And I thought the J6 book had a long title – shew!
This book came to my attention thanks to a recent article on American Greatness by the author. Since I was waiting to see if the name of the “progressive” mayor of a certain medium-sized city I work in came up as part of the AG article, I was intrigued enough to buy the book, which also was handy enough to use the exact remainder of my gift card balance with the retailer. (Fiscal conservatism, or a sign?)
Once TLP came into my hot little hands, I realized this book was in the same vein as Rise and Fall – a book that came out of a niche the author wanted to create and an opinion he wanted to express, without necessarily having a large market waiting on it. I don’t know if Greg unsuccessfully shopped the idea to publishers or simply wanted complete creative control over the product, but he went the self-publishing route like I have. Also like me, he has a website but in his case it specializes in his topic. (Rise and Fall had a dedicated website as well, but it was intended as promotional.)
This book is a little bit like going downhill – it starts out slowly and picks up speed as it goes along, moving quickly in its last few chapters. (The introductional items and Chapters 1 through 5 take up 183 pages, while the last four barely make it to 110.) It takes Karraker a long time to get to points at times, and the one issue I have with the book is that at times he likes to drill down and get a little too fine-pointed in his arguments and examples. I didn’t need eight pages worth of the names or places where mayors have been convicted of corruption or nearly five pages devoted to reprinting Article 1, Section 8 of the Constitution. It’s a nearly 300 page book that probably could have and should have been distilled to about 250.
Even with that, there is a lot of good in the chapters, some of which have great titles like Give Me That Old-Time Corruption, The Planny State, or Tools Against Radicals. (Greg’s a punny guy after my own heart.) Once he gets through the length of opening examples of strangling cities big and small with bureaucratic red tape, overly aggressive government, and featherbedding the family nests with nepotism, the book gets into corruption and crime. In that part, Greg notes that, “Derek Chauvin turned this chapter inside out,” and goes on to describe how the events of 2020 affected local governments.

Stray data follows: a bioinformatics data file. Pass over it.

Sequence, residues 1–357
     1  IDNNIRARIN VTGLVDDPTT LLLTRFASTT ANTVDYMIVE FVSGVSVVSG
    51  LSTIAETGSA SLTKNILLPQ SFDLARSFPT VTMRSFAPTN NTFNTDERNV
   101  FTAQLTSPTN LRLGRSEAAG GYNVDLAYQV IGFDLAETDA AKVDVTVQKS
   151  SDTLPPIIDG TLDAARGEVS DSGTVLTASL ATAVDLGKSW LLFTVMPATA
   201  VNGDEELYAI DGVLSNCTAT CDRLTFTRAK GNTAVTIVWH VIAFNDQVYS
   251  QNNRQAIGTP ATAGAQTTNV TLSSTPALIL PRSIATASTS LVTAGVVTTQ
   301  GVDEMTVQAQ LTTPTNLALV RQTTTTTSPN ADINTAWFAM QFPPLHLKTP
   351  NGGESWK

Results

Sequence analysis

The part of The Little Picture that hit me where I lived, though, was where he talked about The Planny State. Doing what I do as my “real” job means I have to deal with a lot of these folks, and let me tell you they can really let power go to their head. (There are also many in the field who get what you’re trying to do and whose input is helpful and essential, but the bad apples are likely responsible for many of my gray hairs.) Karraker’s chapter goes through a number of those gray hair producers that he’s had to deal with in his previous quest to establish an Arabian horse farm in a scenic part of northern California, but these obstacles aren’t restricted to his corner of the world. That chapter slides smoothly into a discussion of top-down land use planning thanks to UN initiatives like Agenda 21/Agenda 2030 and ICLEI, which are tools local governments use to take away our private property rights.
But his conclusion is that you can fight city hall, and he closes the book with success stories and a plethora of helpful hints on how you can get more involved. In this case, Greg recommends spending a little less on his book by getting the electronic version because the links he places there are active. His intent is that The Little Picture be, “a living book, with frequent updates to ongoing stories in the outrageous chapters, about corruption, crime, stupidity, and waste, because there are always fresh outrages to share. I also want to update the stories of people like you and me who have beaten city hall, and add new stories of how they’ve done it.” Hopefully he’s successful at making his website a continuing resource on the subject like I intended to do with Rise and Fall until life (and other tasks) got in the way; granted, he’s built his specialty a little more for success in that regard because everyone gets mad at government at some point.
It’s because of that structure and goal that I agree with Karraker that the e-version of this book may be the better way to go. I’m just old school in that I like to have a paperback book in my hands, but those of us who are interested in local government (and I’m looking at you, Patriots for Delaware) should find this a helpful electronic resource.